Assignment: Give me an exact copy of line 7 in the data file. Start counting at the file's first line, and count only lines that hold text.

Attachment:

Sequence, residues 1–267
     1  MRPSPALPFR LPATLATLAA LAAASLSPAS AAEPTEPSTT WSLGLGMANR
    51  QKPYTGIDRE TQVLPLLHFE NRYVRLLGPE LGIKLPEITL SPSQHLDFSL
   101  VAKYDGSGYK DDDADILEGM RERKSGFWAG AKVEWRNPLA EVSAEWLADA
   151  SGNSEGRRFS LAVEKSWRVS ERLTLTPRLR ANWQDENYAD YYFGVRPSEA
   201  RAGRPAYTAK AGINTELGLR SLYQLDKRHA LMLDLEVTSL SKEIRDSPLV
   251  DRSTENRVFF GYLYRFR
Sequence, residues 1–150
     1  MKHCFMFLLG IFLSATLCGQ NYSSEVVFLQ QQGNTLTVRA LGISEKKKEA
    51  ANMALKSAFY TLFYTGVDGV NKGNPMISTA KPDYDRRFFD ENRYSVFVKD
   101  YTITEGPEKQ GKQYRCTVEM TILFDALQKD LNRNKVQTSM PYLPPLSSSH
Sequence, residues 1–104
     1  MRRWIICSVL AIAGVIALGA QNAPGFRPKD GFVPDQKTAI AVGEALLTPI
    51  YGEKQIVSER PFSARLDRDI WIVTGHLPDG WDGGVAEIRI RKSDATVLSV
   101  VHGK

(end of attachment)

   251  DRSTENRVFF GYLYRFR